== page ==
During the initial stages, your cat may prefer to just “lie around” outdoors on their leash. Over time they’ll eventually progress to walking with their owner. It’s all a matter of time and patience.
It’s important to note that tying your cat outside on a leash is not a substitute for personal interaction and supervision. Cats should never be left alone while they’re outdoors on the leash or using a rope extension. There is too much danger of them becoming tangled up, or the possibility of them choking.
Pet experts recommend using a sturdy harness or walking jacket, as opposed to a collar. Although collars are popular, they can slip off your cat too easily, which most likely will happen during times of danger, for example, when meeting a strange dog or a cat walking down the street. Try buying a leash that’s as lightweight as possible, consistent with safety. The additional “drag” of leash that’s bulky will slow your cat’s walking progress.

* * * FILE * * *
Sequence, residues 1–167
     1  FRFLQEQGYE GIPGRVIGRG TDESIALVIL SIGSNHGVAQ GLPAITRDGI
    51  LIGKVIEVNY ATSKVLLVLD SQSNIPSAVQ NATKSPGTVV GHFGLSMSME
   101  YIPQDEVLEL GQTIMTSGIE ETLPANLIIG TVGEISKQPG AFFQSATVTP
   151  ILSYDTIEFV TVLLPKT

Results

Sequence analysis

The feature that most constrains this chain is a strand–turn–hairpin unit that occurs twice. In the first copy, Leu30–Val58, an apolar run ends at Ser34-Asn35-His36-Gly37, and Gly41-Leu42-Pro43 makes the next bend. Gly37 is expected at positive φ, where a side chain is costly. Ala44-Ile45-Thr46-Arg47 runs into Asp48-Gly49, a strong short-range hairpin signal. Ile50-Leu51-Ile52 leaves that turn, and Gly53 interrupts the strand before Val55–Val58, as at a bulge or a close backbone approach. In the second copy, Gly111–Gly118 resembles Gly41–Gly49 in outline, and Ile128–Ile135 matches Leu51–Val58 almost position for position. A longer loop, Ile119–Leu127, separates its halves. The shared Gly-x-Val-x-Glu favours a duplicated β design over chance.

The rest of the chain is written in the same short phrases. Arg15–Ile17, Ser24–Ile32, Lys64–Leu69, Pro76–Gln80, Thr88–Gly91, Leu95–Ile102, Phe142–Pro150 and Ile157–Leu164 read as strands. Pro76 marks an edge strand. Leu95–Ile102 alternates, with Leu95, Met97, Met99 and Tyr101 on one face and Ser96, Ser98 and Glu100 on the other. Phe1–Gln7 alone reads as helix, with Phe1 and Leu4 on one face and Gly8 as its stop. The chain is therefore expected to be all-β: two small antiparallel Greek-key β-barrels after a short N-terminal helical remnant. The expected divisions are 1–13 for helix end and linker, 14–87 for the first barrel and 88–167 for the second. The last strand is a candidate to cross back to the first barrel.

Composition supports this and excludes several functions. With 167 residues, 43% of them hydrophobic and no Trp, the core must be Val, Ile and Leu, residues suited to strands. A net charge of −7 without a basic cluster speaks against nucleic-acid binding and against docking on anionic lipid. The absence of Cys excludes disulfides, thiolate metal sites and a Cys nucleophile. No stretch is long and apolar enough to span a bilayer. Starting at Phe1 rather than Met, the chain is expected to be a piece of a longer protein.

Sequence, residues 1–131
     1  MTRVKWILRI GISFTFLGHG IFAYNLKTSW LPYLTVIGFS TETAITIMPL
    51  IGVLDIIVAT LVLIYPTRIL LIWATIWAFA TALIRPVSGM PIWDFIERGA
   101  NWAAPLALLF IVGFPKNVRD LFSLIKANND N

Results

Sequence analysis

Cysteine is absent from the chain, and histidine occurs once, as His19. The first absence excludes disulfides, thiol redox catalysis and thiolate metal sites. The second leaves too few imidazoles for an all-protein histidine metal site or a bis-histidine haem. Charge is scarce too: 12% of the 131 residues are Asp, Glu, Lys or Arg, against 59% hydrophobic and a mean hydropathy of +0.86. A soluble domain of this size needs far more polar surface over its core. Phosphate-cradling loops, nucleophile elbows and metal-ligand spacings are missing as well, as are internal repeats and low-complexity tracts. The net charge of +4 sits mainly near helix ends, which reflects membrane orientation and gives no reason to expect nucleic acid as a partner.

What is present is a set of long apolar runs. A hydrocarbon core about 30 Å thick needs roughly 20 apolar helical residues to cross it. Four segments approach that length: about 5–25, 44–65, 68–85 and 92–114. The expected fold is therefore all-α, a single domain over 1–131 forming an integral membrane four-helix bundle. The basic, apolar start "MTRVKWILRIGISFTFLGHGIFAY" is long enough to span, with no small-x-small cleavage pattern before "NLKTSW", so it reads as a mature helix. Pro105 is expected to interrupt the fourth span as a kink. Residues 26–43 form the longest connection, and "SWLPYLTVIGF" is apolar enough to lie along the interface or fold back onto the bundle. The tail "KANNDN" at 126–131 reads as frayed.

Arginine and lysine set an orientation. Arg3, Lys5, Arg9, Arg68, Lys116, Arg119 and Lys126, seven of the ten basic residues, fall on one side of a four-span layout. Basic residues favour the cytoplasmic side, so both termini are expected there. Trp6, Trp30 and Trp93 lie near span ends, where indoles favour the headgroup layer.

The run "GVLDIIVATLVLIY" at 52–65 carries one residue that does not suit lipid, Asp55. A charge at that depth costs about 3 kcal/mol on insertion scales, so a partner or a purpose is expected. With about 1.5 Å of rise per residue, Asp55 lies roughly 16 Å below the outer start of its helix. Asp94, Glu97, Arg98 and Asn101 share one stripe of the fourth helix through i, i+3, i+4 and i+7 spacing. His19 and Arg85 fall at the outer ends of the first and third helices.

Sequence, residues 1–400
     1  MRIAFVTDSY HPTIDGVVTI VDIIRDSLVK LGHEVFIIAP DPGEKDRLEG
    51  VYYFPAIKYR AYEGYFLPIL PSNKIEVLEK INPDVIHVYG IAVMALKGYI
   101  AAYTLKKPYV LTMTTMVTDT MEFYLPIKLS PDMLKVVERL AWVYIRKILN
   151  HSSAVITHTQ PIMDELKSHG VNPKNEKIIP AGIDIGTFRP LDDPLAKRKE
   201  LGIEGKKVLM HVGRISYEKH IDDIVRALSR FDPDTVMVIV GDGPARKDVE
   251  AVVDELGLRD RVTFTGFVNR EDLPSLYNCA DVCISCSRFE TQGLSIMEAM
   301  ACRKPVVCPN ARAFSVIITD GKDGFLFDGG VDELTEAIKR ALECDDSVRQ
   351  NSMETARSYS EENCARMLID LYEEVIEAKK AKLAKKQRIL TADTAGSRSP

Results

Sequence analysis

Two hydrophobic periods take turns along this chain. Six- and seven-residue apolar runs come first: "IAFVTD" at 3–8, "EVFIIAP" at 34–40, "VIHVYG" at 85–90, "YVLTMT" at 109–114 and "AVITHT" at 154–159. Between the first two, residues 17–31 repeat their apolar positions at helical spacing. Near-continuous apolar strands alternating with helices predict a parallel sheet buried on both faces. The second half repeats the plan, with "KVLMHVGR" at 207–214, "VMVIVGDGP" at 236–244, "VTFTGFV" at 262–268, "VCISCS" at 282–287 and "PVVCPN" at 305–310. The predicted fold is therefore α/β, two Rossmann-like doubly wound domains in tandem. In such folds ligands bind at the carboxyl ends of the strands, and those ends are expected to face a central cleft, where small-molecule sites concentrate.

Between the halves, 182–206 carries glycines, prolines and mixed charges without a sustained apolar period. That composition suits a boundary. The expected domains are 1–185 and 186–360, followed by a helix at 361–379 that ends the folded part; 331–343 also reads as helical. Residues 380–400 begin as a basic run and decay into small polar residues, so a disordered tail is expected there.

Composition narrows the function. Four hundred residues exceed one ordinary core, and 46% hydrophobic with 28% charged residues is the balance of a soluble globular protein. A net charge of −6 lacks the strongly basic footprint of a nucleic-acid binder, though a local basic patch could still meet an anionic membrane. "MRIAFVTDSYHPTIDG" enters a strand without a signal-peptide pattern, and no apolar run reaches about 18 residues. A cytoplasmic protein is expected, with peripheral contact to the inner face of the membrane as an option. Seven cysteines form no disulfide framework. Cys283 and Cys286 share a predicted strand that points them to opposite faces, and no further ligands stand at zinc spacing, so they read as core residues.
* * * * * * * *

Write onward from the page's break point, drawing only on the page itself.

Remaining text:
Before using the leash outdoors, be sure to test your cat’s new leash indoors for a few days before using it outside. Going at a slow and easy pace will result in a cat with a safe and positive indoor and outdoor experience.
Using a kitty stroller will provide both a durable nylon netting cage so your cat can enjoy the outdoor experience and a stroller that has a water-resistant canvas for protection from the sun.
If you think your cat would prefer to “free-roam” (within limits), then an outdoor enclosure could be the perfect solution. They can be built from scratch, with your own or purchased plans, or can come as assembled modular enclosures.
Your experiences can vary with the safe outdoor experience ideas that have been mentioned above, but we think you’ve been given enough alternatives here to get you started.